Brendan McGetrick
Recent works and current obsessions

Ma Qingyun, Architect

For the book MAD Dinner, I interviewed Ma Qingyun, founder of the architectural office MADA s.p.a.m. and dean of the University of Southern California School of Architecture. We talked about growing up during the Cultural Revolution, the difference between American and Chinese students, and romantic dreams.

One of the issues we want to look at in this book is the peculiarities of living and working in China. So let’s start at the beginning. Tell me about your life in first 10 years.

It’s a good question. The ten years you’re referring to are actually quite unique. As I remember it, my life in those first ten years was one of total freedom. It’s outside of most people’s impression of China, because those ten years were during the ’70s. That was probably the worst period of socialism in China, but, as a boy growing up outside of a capital city, it was so free. The freedom that we experienced in that age was amazing, and that has given me the spirit or energy to think in any way and opportunities to engage so many different activities and realms.

As you mentioned, yours is an experience that would surprise many people, because the 1970s is considered by most an era of repression, not freedom, even for children. So, where did this freedom come from, and, if it is a thing of the past, where did it go?

The rationale behind it is: presumably you don’t have freedom, but if you agree to not have freedom, you can actually experience much more freedom. You do not claim freedom in a pure form, but actually live through a condition that is free. That’s a general point, but, particularly in the conditions where I lived, there were almost no expectations from the parents toward their children. It wasn’t like today where parents know there is a growth pattern for children, and they have to do certain things to make the children successful and make the parents feel good. Back in the ’70s, I don’t think parents expected their children to be something that will make them proud. The goal was really just to have children grow up healthily and happily, nothing more than that.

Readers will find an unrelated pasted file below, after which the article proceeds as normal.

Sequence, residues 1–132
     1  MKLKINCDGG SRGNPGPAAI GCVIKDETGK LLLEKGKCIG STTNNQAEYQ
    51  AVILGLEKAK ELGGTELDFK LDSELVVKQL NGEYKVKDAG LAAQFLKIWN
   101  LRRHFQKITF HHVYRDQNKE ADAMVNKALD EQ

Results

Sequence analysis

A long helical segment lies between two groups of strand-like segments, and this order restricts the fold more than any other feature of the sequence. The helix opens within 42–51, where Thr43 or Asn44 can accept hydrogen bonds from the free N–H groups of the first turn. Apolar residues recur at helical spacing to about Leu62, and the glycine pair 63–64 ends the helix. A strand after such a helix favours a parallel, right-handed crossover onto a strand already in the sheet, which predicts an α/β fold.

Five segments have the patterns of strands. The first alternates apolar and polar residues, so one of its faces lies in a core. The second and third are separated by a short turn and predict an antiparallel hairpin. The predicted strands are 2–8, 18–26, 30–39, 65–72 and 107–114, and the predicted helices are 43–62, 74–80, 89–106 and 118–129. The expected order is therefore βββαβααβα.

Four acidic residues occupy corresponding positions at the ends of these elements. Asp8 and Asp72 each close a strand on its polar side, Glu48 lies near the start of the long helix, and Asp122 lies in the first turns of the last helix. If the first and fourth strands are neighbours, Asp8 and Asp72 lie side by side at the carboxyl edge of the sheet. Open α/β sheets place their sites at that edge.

Second, the school didn’t impose anything on us. There was no homework, there were no excessive requirements imposed on the students. And because the society was rather homogenous, in other words equal, there was no self-fueled ambition or competition. In a way, it was an ideal community with no competition, no difference in terms of goals or expectations. So, it felt different for the adults, but as a child it was an almost utopian situation. Absolutely free, absolutely equal, and pressure free. As I said before, that relates to my current life, because it gave me a sense that I can do anything that I imagine. It’s not that I would have success in everything I do, but I don’t have fear of trying anything. That includes doing something, but also not doing anything.

So you’re saying that the lack of expectations during that period empowered you to make progress by freeing you of the obligation to make progress.

Yes. People from that era are quite relaxed – including myself. I’m relaxed about almost everything I do. I have intensity, but that intensity comes from an elasticity. When I stretch out, I can be very intense, but when I don’t I can be very loose. I think those of us who grew up in the ’60s and ’70s have that quality. Being elastic, I can deal with a lot of pressure, and if the results are disastrous, it doesn’t discourage me so much that I won’t try again. So I think it’s about endurance, tolerance, and flexibility in a way, and many people from that era have this rubber-like character.

You now have children who are experiencing those first ten years of life. Witnessing their development and the expectations placed on them, what are the differences that you notice from your experience?

I think we’re not doing as good a job as my parents did. We are so informed compared to them, so we start to impose things that are somewhat artificial. The children now have programmed activities and, because of our higher level of information, I think we start to give children excessive guidance.

For myself, I am always making arguments and stating things according to rationality, and I think that has a somewhat bad influence on the children. That’s a kind of confession. So maybe the next step is to leave everything up to them, and have them figure out what exactly the reasons are. I have a bad habit of trying to explore everything, including thoughts, and [my children] have even said that sometimes it’s bad – most of the time it’s bad.